Breaking the Pattern
The 5 Principles You Need to Remodel Your Life
The revolutionary bestseller now in trade paperback with a new introduction
Ever get the sense that you’re reliving the same events, arguments, and frustrations again and again? Does your relationship, job, or diet always begin full of hope, but, somehow, fail to work out in the end?
In Breaking the Pattern, Charles Stuart Platkin synthesizes years of research in psychology, motivation, success, and achievement into what he calls “The 5 Principles You Need to Remodel Your Life,” helping readers to take action in those areas where they feel stuck or doomed to repeat negative past experiences. Through a series of self-reflective exercises, Platkin encourages readers to examine their successes and failures, identifying, analyzing, and finally breaking the very patterns that have kept them from realizing their dreams. By incorporating inspirational quotes and stories throughout the book, Platkin creates a positive, healing environment in which even the most self-doubting reader can gain the support and motivation necessary to begin to change his or her life for the better.
My wife and I were out biking one Saturday afternoon along the streets of Manhattan with cars weaving in and around us. Since it was quite dangerous, I was a bit worried about my wife. She’s not from New York and is a lot more trusting of local drivers in heavy traffic areas. As we were going through a green light, I thought I lost her. Momentarily caught off guard, I stopped short in the middle of the street and was thrown over the handlebars of my bike. A crowd gathered, and someone offered to call an ambulance. I was only slightly injured, but I was embarrassed, then angry.
Well, it really was my wife’s fault—wasn’t it? I mean, if I hadn’t been concerned about her welfare, and if she had kept up with me, then I wouldn’t have stopped short! Wow! Why not blame her?
While it’s clear that this minor accident was nobody’s fault but my own, it’s a classic example of how easy it is to avoid taking responsibility. I’m the only one responsible for my actions. I made a choice to be concerned for my wife’s well-being and my being pitched over the handlebars had nothing to do with her.
I know it sounds puzzling and familiar at the same time, yet it’s a concept that’s frequently forgotten or abused during the course of our lives. What the heck does it mean? It’s simply this: Control over your life doesn’t arise from dodging and avoiding difficulties, but instead from coping with the issues (minor and major) that come your way or that you create. Personal honesty, conflict, and struggle constantly force you to make decisions concerning who you are as a person, and these choices are powerful growing tools. The best way to prepare for them is to stay aware of your actions. Only then can you become more responsible—and the payoff is a more effective life. Responsibility is choice, free choice. It means being able to determine your destiny.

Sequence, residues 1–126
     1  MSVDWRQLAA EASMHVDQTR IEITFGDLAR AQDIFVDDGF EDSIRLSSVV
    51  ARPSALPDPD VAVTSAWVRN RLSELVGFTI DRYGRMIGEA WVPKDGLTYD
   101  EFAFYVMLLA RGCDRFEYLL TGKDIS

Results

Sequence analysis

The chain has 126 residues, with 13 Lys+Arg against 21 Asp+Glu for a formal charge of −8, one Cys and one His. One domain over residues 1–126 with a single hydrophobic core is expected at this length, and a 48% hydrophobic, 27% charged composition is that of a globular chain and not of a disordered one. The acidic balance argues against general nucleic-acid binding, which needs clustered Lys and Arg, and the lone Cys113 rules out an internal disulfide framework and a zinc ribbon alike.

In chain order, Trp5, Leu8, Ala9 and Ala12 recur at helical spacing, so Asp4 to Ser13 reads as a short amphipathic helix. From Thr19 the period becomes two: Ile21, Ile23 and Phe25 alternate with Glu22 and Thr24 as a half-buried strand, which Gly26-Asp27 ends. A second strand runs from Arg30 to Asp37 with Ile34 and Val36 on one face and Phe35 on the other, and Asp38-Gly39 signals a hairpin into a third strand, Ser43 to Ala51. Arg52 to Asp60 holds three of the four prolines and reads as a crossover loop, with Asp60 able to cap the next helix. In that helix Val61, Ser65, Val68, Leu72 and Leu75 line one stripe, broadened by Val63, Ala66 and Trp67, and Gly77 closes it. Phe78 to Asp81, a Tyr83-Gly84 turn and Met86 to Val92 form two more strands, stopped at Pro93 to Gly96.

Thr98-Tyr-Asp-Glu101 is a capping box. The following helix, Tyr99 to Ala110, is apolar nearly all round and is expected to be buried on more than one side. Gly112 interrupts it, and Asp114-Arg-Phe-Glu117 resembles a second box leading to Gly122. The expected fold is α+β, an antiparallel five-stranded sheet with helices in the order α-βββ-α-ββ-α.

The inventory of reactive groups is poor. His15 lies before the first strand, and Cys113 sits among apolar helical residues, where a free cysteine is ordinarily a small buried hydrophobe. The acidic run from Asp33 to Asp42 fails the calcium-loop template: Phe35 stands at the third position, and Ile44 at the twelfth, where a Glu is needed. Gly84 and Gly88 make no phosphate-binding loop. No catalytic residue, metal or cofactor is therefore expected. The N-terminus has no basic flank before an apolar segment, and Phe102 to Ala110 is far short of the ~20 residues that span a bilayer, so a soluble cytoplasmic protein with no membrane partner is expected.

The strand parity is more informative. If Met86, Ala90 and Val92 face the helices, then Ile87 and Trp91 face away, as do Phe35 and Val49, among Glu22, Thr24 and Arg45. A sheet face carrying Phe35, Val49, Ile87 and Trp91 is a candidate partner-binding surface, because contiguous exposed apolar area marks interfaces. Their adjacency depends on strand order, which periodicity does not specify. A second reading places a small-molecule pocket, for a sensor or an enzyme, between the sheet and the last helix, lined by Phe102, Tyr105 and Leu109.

This Principle promises to change your notion of what it is to take responsibility for yourself. It will help you recognize and identify responsibility-avoiding behaviors and patterns in both your professional and personal life.
Responsibility has gotten a bad rap. Too many of us associate it with punishment and blame, both negatives. Or you may associate responsibility with dreary lectures detailing your duties and see it solely as a burden. There is a moral dimension to responsibility, but that is only part of it. Think about the word. It contains the word "respond" and the word "ability." Responsibility is, therefore, the ability to respond. An event occurs, a relationship or business fails. You suffer a loss or a setback. How do you respond? Can you get over it? Can you get past it? Can you keep heart and soul together and remain compassionate? To respond ably, or to respond responsibly, you figure out what went wrong, and determine how you can fix it, and even incorporate the setback into a well-thought out plan of action.
You may not be fully responsible for every event in your life. Accidents do happen, both lucky and unlucky ones. But you are solely responsible for how you respond to those events, and how you allow those events to shape you. Many of your own patterns, which you are in control of, not luck or chance, bring you opportunity, success, and failure.
There are very specific ways you think of yourself and how you act and react, and for the purpose of clarification I’ve organized them into eight general "types" of people. Each "type" has its peculiar syntax, behavior, and stock phrases. By examining these types and how they experience themselves, you can probably find a description (in part or in whole) of where you fit in. The types are:
This is a useful yet fun book that could provide just the push we all need to achieve real, lasting change. (Shape magazine)
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